Barnathan drafted, leaves behind legacy

Coach Giffard said Barnathan is one of the most versatile players he has ever coached. Photo by Erin Edgerton.
Coach Giffard said Barnathan is one of the most versatile players he has ever coached. Photo by Erin Edgerton.
Coach Giffard said Barnathan is one of the most versatile players he has ever coached.  Photo by Erin Edgerton.
Coach Giffard said Barnathan is one of the most versatile players he has ever coached. Photo by Erin Edgerton.

In the third round of the 2017 MLS SuperDraft, FC Dallas selected VCU men’s soccer defender Dakota Barnathan as the 59th overall draft pick on Jan. 17.

Over the last five years, five VCU players were drafted and the selection of Barnathan marks the third straight Black and Gold player selected on draft day.

Barnathan follows former teammates Dennis Castillo (Colorado Rapids, 2016) and Kharlton Belmar (Portland Timbers, 2015) to the professional ranks. In 2013, two additional former VCU players earned a selection. Jason Johnson went 13th overall to the Houston Dynamo and Montreal Impact picked up Juan Arbelaez in the MLS Supplemental Draft. According to VCU coach Dave Giffard, Barnathan is the 22nd player to go on to play at the next level since he assumed the position as head coach.

“It’s a reflection of the fact that we develop players here to move on to accomplish their goals to play at the next level,” Giffard said. “Dakota has put in a lot of hard work, like a lot of guys do, and developed a lot over his four and half years with us and was prepared and ready to make the next step in his journey.”

VCU is in the midst of a stretch of success when it comes to producing professional athletes, and Giffard attributes a lot to the culture he and his staff have been able to instill at the university.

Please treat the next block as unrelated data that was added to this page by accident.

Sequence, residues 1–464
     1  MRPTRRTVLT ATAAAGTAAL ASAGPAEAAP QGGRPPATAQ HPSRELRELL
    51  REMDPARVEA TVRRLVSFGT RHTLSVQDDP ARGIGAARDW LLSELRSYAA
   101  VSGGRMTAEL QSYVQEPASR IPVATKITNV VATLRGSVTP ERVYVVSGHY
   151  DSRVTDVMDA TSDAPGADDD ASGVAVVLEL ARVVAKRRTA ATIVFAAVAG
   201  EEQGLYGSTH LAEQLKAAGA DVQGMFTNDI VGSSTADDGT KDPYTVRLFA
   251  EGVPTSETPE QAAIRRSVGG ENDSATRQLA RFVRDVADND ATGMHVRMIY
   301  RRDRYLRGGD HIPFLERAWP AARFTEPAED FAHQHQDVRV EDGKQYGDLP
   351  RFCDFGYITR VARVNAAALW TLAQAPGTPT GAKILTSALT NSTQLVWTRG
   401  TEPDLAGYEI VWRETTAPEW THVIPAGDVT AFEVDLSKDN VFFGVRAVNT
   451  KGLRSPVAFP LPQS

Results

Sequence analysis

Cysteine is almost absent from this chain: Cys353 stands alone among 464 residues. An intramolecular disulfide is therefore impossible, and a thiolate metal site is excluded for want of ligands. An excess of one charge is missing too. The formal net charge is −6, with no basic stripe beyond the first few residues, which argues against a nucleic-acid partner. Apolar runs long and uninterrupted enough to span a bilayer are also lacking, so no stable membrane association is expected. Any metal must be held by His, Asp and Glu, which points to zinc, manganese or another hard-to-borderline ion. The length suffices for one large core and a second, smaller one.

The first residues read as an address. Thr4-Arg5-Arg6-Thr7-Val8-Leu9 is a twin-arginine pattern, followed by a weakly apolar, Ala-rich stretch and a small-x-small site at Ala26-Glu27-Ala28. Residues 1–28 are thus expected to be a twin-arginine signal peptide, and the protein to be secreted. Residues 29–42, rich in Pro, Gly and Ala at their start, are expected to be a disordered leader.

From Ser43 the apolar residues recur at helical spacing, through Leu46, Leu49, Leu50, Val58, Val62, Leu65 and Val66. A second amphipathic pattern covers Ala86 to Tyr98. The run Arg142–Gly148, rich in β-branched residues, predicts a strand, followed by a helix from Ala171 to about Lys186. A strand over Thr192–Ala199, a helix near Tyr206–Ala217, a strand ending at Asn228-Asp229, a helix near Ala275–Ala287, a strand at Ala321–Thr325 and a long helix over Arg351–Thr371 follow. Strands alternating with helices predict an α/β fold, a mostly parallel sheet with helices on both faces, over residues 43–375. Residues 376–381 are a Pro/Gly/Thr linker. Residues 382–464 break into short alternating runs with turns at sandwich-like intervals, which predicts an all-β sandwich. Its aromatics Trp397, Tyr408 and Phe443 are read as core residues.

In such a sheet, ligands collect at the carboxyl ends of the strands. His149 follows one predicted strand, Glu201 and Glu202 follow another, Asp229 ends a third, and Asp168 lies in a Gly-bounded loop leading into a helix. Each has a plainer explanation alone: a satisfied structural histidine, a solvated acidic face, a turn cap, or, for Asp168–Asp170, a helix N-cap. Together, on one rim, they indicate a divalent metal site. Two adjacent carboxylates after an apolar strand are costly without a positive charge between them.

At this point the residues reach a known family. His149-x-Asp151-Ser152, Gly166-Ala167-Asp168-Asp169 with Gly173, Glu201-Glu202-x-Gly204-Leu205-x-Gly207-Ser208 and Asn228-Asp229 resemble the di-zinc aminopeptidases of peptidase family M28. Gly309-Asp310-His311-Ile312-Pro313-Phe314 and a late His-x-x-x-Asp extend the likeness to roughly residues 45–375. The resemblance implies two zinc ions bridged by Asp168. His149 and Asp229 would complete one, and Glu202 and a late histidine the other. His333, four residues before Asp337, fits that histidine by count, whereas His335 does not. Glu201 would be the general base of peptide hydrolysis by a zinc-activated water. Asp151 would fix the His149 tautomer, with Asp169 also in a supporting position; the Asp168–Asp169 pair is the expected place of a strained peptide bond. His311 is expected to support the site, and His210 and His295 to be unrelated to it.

“What we do does a good job at the college level of helping guys to continue to improve and develop,” Giffard said. “By the time they are ready to head out hopefully we’ve given them the best chance they can to reach their aspirations, which, for most of the guys is to play at the next level.”

Barnathan started since sophomore year and named captain the past two seasons. While Giffard admits the graduation of a leader and good player can be tough, he said that’s nothing new for the Rams and now new players have to step up.

“That’s what you do here,” Giffard said. “You don’t get to keep guys for 10 years; you get to keep guys for a year to four and a half depending upon their eligibility and when the time comes for them to make the move to the next level.”

VCU will inevitably miss Barnathan’s versatility. The Massapequa, New York native was a jack-of-all-trades for the Rams, and played a host of different positions including centerback, defensive midfield, and left and right back.

“There were times here if we were chasing the game late, or behind, or tied, we would push him forward and often times he was productive in front of the team too,” Giffard said. “I just think he’s a very versatile player so if you look at specifically what the team will miss from [Dakota] being gone, I think you miss a guy who after redshirting his first year has been almost a four year starter. We’ll miss a guy who’s played in 80 plus games against very good competition and you’ll miss a guy who this past season was a very good central defender and senior leader for us.”

In his time at VCU, Barnathan helped guide the Rams to two consecutive Atlantic 10 Conference Championship games and in his senior season earned All-Tournament recognition. He concluded his VCU career totaling nine goals and eight assists for 26 points.

Giffard found Dakota’s unique style of leadership highly successful because of his ability to be relatable to his teammates.

“What made Dakota such an effective leader was a little bit more of a human factor,” Giffard said. “He was an effective player, he worked very hard every day in training, in the weight room, whatever it might be, but then he was very relatable to a lot of the guys on the team because he’s flawed, just like we’re all flawed, so it’s easy for guys to look at him and say, ‘Alright, I’ve got a lot of respect for Dakota. He’s like me.’”

Barnathan’s work ethic was his calling card during his time wearing black and gold, and Giffard has no doubt this will lead to success for him at the next level.

“I think regardless of what you look like, what your background is like, where you’re from, how you go about your business, it’s easy to respect a guy who comes and works every day,” said Coach Giffard.

Adrian Wilson, Contributing Writer

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